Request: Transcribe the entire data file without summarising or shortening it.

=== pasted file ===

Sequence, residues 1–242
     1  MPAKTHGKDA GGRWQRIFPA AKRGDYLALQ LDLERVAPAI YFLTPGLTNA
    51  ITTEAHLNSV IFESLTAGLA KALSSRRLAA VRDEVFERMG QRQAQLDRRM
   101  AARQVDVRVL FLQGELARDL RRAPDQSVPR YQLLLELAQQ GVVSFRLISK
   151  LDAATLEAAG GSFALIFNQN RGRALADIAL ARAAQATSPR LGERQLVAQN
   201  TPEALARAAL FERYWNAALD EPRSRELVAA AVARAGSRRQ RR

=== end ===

Sequence, residues 1–242
     1  MPAKTHGKDA GGRWQRIFPA AKRGDYLALQ LDLERVAPAI YFLTPGLTNA
    51  ITTEAHLNSV IFESLTAGLA KALSSRRLAA VRDEVFERMG QRQAQLDRRM
   101  AARQVDVRVL FLQGELARDL RRAPDQSVPR YQLLLELAQQ GVVSFRLISK
   151  LDAATLEAAG GSFALIFNQN RGRALADIAL ARAAQATSPR LGERQLVAQN
   201  TPEALARAAL FERYWNAALD EPRSRELVAA AVARAGSRRQ RR